Libya’s future is uncertain, but some situations prove more likely than others
After two weeks of brutal conflicts between Muammar Gaddafi’s armed forces and a number of allied opposition groups, it appears as if Libya may become the next North African nation to see its disgruntled population overthrow its authoritarian regime.
The leader of Libya, since taking control of the country in a bloodless coup in 1969, Gaddafi has long ruled his nation with an iron fist – and has vowed to fight until the end to extend his tenure as Libya’s head of state.
Throughout his 40-year run as Libya’s leader, Gaddafi has been notorious for wide-spread human rights abuses in both Libya and abroad.
Known as much for his disdain for the notion of human rights as he is for his often-outlandish behaviour, Gaddafi has long been viewed as a somewhat cartoon-like character to many outside observers, despite the fact that he has maintained strict authoritative control over Libya, a nation with incredible amounts of oil reserves, for more than 40 years.
In response to nearly half a century of Gaddafi’s often-erratic rule, and the series of successful uprisings in neighbouring Tunisia and Egypt, on Feb. 15, thousands of inspired Libyans took to the streets in protest. Initially, these protests were centred in the nation’s two largest cities, Tripoli in the west and Benghazi in the east. By Feb. 18 widespread demonstrations had spread to several smaller cities across Libya.
Within 48 hours, anti-Gaddafi demonstrators, aided by a number of defected armed forces officers, had gained control of Benghazi. In response to this, Gaddafi sent elite army officers and a number of alleged Chadian mercenaries to the opposition-controlled city. After two days of conflict, more than 200 had been killed.
On Feb. 22, NBC News Chief Foreign Correspondent Richard Engel insisted, “The protest movement is no longer a protest movement; it’s a war. It’s an open revolt.”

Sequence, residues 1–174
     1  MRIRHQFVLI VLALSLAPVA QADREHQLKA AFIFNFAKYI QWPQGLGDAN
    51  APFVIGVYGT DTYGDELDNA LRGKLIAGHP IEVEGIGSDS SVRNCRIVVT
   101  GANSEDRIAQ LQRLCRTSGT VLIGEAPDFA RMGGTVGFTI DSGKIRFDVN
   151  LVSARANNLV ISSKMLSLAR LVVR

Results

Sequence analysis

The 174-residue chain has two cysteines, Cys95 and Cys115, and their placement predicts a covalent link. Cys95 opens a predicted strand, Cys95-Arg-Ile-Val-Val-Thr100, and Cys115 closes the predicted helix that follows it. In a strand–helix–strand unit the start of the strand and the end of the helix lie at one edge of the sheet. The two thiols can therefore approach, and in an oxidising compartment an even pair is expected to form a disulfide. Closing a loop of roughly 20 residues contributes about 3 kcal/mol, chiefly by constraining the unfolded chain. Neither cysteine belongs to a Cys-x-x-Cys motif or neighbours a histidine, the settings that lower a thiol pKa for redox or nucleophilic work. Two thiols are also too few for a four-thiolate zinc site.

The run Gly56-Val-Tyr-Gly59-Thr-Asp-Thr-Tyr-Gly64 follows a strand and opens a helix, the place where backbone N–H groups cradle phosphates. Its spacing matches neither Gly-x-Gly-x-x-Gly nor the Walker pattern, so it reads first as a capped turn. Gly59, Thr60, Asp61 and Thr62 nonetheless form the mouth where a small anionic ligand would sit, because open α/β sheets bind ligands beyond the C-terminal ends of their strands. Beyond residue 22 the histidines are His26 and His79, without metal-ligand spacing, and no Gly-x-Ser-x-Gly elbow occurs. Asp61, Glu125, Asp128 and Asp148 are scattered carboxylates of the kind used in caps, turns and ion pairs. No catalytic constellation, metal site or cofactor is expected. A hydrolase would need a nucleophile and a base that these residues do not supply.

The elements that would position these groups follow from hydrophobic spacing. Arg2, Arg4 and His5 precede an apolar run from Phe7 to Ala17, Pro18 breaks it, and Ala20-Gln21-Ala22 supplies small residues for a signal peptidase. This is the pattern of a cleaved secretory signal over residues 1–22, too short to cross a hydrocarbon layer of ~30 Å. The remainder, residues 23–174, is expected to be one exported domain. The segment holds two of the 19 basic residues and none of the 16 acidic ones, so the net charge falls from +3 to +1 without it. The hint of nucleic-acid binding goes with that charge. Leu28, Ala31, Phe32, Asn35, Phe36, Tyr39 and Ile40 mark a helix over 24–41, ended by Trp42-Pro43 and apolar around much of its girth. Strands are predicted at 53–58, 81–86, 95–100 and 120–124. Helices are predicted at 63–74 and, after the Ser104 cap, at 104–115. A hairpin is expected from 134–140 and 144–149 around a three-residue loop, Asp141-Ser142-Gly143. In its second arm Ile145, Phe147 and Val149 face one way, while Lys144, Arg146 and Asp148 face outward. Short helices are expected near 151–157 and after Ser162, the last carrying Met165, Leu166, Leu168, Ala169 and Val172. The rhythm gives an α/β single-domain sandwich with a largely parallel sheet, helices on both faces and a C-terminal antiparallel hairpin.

At press time, Libyan rebels had both taken control of several cities across the country and established a national council to coordinate administration in areas seized from the Gaddafi regime.
Still, Gaddafi has shown no willingness to leave office, even after receiving strong condemnation for his acts of violence and pleas to resign from a number of outside observers.
On Feb. 25, Dr. Omar Ashour, a Canadian-born Middle Eastern analyst for the British Broadcasting Corporation, offered a number of potential future scenarios for Libya – a nation that boasts a population of 6.5 million citizens and vast petroleum reserves.
The first scenario Dr. Ashour presented was that of Gaddafi using chemical weapons against his opposition – a tactic used both by Saddam Hussein in 1988 and by Hafez al-Assad in 1982.
Dr. Ashour insisted that this option, albeit extreme, is still possible. In 2004, inspectors from the Chemical Weapons Convention verified that Libya had over 23 metric tonnes of mustard gas and an additional 1,300 metric tonnes of precursor chemicals at their disposal.
In his second version, Dr. Ashour offered the notion that dissent among factions of Libya’s armed forces could lead to an attempted coup against their embattled head of state, similar to the effort that Gaddafi spearheaded to take the reins of the North African nation in the late 1960s.
Dr. Ashour said that, although a coup could be carried out by disgruntled Libyan officers, it is nevertheless unlikely to occur. Since the onset of the conflict, Libya’s armed forces have failed to act as a cohesive unit and would likely not have sufficient manpower to carry out such a bold move.
Another scenario presented by Dr. Ashour was the prospect of international intervention.
Although this seems like a plausible scenario, Dr. Ashour suggested that if the Western world’s reactions to past Gaddafi indiscretions are any indication of how they will react to Libya’s current conflict, then it is unclear what they may – or may not – do to help remedy the country’s worsening situation.
“The West has known about crimes against humanity and terrorist plots committed by Col. Gaddafi’s regime for decades now. Most notably, the June 1996 Abu Salim massacre in which more than 1,200 political prisoners were gunned down after protesting against prison condition,” wrote Dr. Ashour. “Still there was no international inquiry, mainly due to oil interests.”
On Feb. 19, in an article in the New York Times by Anthony Shadid, a Benghazi resident and demonstrator unofficially spoke on behalf of anti-Gaddafi protesters.
“It is too late for dialogue now. Too much blood has been shed. The more brutal the crackdown will be, the more determined the protesters will become. We don’t trust the regime anymore.”
Although it is unclear exactly what the future will hold for Libya, their uprising, as was recently seen with the revolutions in Tunisia and Egypt, could very well inspire disgruntled citizens of other nations around the world to also demand change in their country’s oppressive regime. With that, 2011 could become known as the year of the social revolution.